Abnormality on her universal newborn screening lab test

A 2-week-old has an abnormality on her universal newborn screening lab test that indicates she may have cystic fibrosis. She is currently doing well. Her parents report that in the hospital she did not pass her first bowel movement until the 3rdday of life and that the staff was concerned about that. Her parents have noted that she “tastes salty” when they kiss her.
Appears healthy with good growth.
Sweat chloride and genetic testing for cystic fibrosis ordered.
Assessment: Cystic fibrosis
Answer the following questions based on the scenario and article above and save your responses in a Microsoft Word document. Provide a scholarly resource in APA format to support your answers.

  1. Define genotype.
  2. Define phenotype.
  3. What gene mutation is associated with cystic fibrosis? How does this affect mucus production?
  4. How is cystic fibrosis inherited?
  5. Describe 3 problems that a patient with cystic fibrosis may have-choose 1 problem from 3 different body systems.

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Sample Answer



Genotype: The genotype is the genetic makeup of an individual. In the case of cystic fibrosis, the genotype is a mutation in the CFTR gene.

Phenotype: The phenotype is the physical expression of the genotype. In the case of cystic fibrosis, the phenotype can vary from mild to severe. Some people with cystic fibrosis may have few symptoms, while others may have more severe symptoms, such as difficulty breathing, frequent lung infections, and problems with digestion.

Full Answer Section




Gene mutation associated with cystic fibrosis: The gene mutation associated with cystic fibrosis is a mutation in the CFTR gene. The CFTR gene provides instructions for making a protein called the cystic fibrosis transmembrane conductance regulator (CFTR). CFTR is a chloride channel that helps control the movement of chloride ions across cell membranes. In people with cystic fibrosis, the CFTR protein is defective and does not function properly. This leads to thick, sticky mucus that can build up in the lungs, pancreas, and other organs.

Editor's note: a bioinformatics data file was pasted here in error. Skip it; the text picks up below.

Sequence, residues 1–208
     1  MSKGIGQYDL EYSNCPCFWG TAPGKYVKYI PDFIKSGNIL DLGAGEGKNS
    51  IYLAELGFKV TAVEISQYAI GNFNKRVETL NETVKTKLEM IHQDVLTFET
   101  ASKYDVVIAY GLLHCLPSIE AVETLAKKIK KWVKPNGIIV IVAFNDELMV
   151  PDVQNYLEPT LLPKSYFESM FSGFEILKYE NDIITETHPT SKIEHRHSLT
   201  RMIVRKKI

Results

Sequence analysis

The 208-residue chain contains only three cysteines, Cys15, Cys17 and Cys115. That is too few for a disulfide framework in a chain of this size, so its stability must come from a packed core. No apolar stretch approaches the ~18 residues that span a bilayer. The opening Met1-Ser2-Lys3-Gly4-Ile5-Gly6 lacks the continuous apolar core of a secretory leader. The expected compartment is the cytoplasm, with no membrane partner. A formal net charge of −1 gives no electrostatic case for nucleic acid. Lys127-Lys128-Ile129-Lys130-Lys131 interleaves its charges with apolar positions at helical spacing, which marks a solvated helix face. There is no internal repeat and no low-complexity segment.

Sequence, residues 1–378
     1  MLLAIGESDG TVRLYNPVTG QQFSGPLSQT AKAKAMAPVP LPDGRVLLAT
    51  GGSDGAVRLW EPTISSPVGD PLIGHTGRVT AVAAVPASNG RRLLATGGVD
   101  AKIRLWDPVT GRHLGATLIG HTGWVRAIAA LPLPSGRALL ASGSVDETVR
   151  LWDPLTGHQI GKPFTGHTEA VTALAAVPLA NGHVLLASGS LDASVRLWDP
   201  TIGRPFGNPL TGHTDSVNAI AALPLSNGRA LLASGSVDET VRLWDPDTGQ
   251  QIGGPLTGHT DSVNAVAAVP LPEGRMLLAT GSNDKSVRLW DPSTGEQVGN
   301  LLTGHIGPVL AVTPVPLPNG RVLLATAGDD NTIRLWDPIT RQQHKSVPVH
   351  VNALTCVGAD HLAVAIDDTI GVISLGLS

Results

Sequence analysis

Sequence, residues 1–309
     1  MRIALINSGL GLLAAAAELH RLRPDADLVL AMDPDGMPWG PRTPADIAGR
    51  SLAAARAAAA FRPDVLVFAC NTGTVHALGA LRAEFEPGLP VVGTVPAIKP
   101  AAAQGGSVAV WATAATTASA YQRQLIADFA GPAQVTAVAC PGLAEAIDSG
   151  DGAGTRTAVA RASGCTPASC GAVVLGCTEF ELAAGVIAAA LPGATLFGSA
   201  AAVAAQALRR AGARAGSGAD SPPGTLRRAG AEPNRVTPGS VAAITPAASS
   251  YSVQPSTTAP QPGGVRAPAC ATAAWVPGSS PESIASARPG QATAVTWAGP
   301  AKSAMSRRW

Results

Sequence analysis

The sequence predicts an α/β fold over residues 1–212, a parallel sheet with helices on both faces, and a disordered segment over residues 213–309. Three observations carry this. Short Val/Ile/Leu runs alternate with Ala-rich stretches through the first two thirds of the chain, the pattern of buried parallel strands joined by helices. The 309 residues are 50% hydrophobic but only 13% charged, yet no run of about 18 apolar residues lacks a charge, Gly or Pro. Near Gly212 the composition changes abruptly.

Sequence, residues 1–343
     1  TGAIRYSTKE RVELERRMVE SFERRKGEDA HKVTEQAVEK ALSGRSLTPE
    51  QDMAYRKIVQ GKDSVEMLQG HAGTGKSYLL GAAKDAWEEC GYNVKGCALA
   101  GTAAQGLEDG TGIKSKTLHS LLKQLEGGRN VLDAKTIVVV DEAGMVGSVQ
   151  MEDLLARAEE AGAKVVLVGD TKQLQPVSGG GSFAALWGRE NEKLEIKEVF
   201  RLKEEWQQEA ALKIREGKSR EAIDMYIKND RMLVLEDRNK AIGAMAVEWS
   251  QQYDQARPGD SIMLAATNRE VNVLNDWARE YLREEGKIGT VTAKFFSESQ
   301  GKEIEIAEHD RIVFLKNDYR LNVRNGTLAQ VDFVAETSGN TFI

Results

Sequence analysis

How does this affect mucus production? The defective CFTR protein causes the mucus in the lungs and other organs to become thick and sticky. This can make it difficult to breathe and can also lead to infections. The mucus can also block the ducts of the pancreas, which can lead to problems with digestion.

How is cystic fibrosis inherited? Cystic fibrosis is an autosomal recessive genetic disorder. This means that both parents must have a copy of the mutated gene in order for their child to have cystic fibrosis. If one parent has the mutated gene and the other parent does not, the child will be a carrier of the gene but will not have cystic fibrosis.

The sweat chloride test is a screening test for cystic fibrosis. It measures the amount of chloride in the sweat. People with cystic fibrosis have high levels of chloride in their sweat. The genetic testing for cystic fibrosis can confirm the diagnosis.

The child in the question is currently doing well, but she will need to be monitored closely for signs of cystic fibrosis. She will need to have regular checkups with her doctor and she may need to take medication to help control her symptoms. She may also need to have surgery to remove mucus from her lungs.

Cystic fibrosis is a serious condition, but with early diagnosis and treatment, people with cystic fibrosis can live long and productive lives.

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